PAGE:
Plaintiff asserts that his commitment to Larned violated Due Process “because he was not meaningfully represented by counsel resulting in effective abandonment of client at the hearing on September 24, 2014.” Id. at 8. Plaintiff asserts that defendants violated other fundamental rights, namely: (1) procedural and substantive due process under the Fourteenth Amendment; (2) “the right to bail under section 9 of the Kansas Constitution Bill of Rights;” and (3) effective assistance of counsel under the Sixth Amendment. Id.

         II. Legal Standard

         A. Rule 12(b)(1) Motion to Dismiss for Lack of Subject Matter Jurisdiction

         “Federal courts are courts of limited jurisdiction and, as such, must have a statutory basis to exercise jurisdiction.” Montoya v. Chao, 296 F.3d 952, 955 (10th Cir. 2002) (citation omitted). Federal district courts have original jurisdiction over all civil actions arising under the constitution, laws, or treaties of the United States or where diversity of citizenship exists. 28 U.S.C. § 1331; 28 U.S.C. § 1332. “A court lacking jurisdiction cannot render judgment but must dismiss the cause at any stage of the proceedings in which it becomes apparent that jurisdiction is lacking.” Basso v. Utah Power & Light Co., 495 F.2d 906, 909 (10th Cir. 1974) (citation omitted). Since federal courts are courts of limited jurisdiction, there is a presumption against jurisdiction, and the party invoking federal jurisdiction bears the burden to prove it exists. Kokkonen v. Guardian Life Ins. Co. of Am., 511 U.S. 375, 377 (1994).

         When defendants attack the Complaint's allegations of subject matter jurisdiction, the court “must accept the allegations in the complaint as true.” Holt v. United States, 46 F.3d 1000, 1002 (10th Cir. 1995) (citing Ohio Nat'l Life Ins. Co. v. United States, 922 F.2d 320, 325 (6th Cir. 1990)). But, conclusory allegations about jurisdiction are not sufficient. Penteco Corp. Ltd. P'ship-1985A v. Union Gas Sys., Inc., 929 F.2d 1519, 1521 (10th Cir. 1991); Matthews v. YMCA, No. 05-4033-SAC, 2005 WL 2663218, at *2 (D. Kan. Oct. 19, 2005).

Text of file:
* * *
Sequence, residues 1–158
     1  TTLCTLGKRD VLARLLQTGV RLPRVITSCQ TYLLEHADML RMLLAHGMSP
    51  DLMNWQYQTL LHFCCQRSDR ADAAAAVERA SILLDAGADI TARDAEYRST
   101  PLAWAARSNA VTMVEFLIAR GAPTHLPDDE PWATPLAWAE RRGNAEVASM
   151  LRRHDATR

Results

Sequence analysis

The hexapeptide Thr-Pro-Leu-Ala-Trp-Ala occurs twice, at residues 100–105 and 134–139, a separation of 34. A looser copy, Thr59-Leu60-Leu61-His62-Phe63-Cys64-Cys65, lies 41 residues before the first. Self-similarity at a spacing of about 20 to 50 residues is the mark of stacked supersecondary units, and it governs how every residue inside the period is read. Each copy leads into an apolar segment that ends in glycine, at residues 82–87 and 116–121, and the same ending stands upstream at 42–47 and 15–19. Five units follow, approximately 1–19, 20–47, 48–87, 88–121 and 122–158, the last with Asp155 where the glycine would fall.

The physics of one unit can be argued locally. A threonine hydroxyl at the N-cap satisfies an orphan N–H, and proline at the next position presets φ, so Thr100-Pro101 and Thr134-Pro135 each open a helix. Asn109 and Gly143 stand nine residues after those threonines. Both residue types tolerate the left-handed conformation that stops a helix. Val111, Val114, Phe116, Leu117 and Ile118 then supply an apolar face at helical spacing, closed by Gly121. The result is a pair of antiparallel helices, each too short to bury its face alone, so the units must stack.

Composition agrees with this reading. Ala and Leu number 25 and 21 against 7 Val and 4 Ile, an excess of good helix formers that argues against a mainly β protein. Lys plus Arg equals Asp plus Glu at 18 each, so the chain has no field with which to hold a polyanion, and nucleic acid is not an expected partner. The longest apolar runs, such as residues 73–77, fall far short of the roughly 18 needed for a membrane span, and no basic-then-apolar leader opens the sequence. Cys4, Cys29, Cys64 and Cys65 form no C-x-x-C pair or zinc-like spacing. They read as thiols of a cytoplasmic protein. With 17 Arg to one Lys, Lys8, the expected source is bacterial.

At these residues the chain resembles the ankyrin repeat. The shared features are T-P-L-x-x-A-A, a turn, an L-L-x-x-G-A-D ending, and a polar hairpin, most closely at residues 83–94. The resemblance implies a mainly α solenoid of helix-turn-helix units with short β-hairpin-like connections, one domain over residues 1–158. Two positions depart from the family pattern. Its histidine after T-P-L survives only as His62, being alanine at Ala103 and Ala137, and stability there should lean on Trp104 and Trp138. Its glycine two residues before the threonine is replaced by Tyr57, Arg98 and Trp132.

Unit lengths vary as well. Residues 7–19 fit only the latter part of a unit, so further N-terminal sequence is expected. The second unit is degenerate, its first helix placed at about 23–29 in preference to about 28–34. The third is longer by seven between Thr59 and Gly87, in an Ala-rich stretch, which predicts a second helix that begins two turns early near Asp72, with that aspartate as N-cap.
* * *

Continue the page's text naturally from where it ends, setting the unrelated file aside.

B. Rule 12(b)(6) Motion to Dismiss for Failure to State a Claim

         Fed. R. Civ. P. 8(a)(2) provides that a complaint must contain “a short and plain statement of the claim showing that the pleader is entitled to relief.” Although this rule “does not require ‘detailed factual allegations, '” it demands more than “[a] pleading that offers ‘labels and conclusions' or ‘a formulaic recitation of the elements of a cause of action'” which, as the Supreme Court explained, “will not do.” Ashcroft v. Iqbal, 556 U.S. 662, 678 (2009) (quoting Bell Atlantic Corp. v. Twombly, 550 U.S. 544, 555 (2007)).

         “To survive a motion to dismiss, a complaint must contain sufficient factual matter, accepted as true, to ‘state a claim to relief that is plausible on its face.'” Id. (quoting Twombly, 550 U.S. at 570). “A claim has facial plausibility when the plaintiff pleads factual content that allows the court to draw the reasonable inference that the defendant is liable for the misconduct alleged.” Id. (citing Twombly, 550 U.S. at 556). “Under this standard, ‘the complaint must give the court reason to believe that this plaintiff has a reasonable likelihood of mustering factual support for these claims.'” Carter v. United States, 667 F.Supp.2d 1259, 1262 (D. Kan. 2009) (quoting Ridge at Red Hawk, L.L.C. v. Schneider, 493 F.3d 1174, 1177 (10th Cir. 2007)).

         Although the court must assume that the factual allegations in the complaint are true, it is “not bound to accept as true a legal conclusion couched as a factual allegation.” Id. at 1263 (quoting Iqbal, 556 U.S. at 678). “Threadbare recitals of the elements of a cause of action, supported by mere conclusory statements, do not suffice” to state a ...